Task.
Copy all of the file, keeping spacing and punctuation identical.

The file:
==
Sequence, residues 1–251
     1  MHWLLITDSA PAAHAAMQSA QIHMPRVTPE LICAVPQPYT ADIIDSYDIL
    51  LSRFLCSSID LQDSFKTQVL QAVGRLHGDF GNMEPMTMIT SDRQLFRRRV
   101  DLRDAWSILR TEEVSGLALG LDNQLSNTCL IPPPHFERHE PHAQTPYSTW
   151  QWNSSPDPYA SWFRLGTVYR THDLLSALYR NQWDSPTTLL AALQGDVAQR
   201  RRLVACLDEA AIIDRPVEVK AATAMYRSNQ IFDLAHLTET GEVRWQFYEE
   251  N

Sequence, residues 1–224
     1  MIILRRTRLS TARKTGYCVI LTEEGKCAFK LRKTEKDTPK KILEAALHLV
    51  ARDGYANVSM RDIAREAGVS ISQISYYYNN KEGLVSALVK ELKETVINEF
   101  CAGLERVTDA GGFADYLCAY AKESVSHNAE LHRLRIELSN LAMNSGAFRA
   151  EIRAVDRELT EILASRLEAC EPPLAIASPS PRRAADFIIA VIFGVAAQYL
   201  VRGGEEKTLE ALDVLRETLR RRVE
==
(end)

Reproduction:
Sequence, residues 1–251
     1  MHWLLITDSA PAAHAAMQSA QIHMPRVTPE LICAVPQPYT ADIIDSYDIL
    51  LSRFLCSSID LQDSFKTQVL QAVGRLHGDF GNMEPMTMIT SDRQLFRRRV
   101  DLRDAWSILR TEEVSGLALG LDNQLSNTCL IPPPHFERHE PHAQTPYSTW
   151  QWNSSPDPYA SWFRLGTVYR THDLLSALYR NQWDSPTTLL AALQGDVAQR
   201  RRLVACLDEA AIIDRPVEVK AATAMYRSNQ IFDLAHLTET GEVRWQFYEE
   251  N

Sequence, residues 1–224
     1  MIILRRTRLS TARKTGYCVI LTEEGKCAFK LRKTEKDTPK KILEAALHLV
    51  ARDGYANVSM RDIAREAGVS ISQISYYYNN KEGLVSALVK ELKETVINEF
   101  CAGLERVTDA GGFADYLCAY AKESVSHNAE LHRLRIELSN LAMNSGAFRA
   151  EIRAVDRELT EILASRLEAC EPPLAIASPS PRRAADFIIA VIFGVAAQYL
   201  VRGGEEKTLE ALDVLRETLR RRVE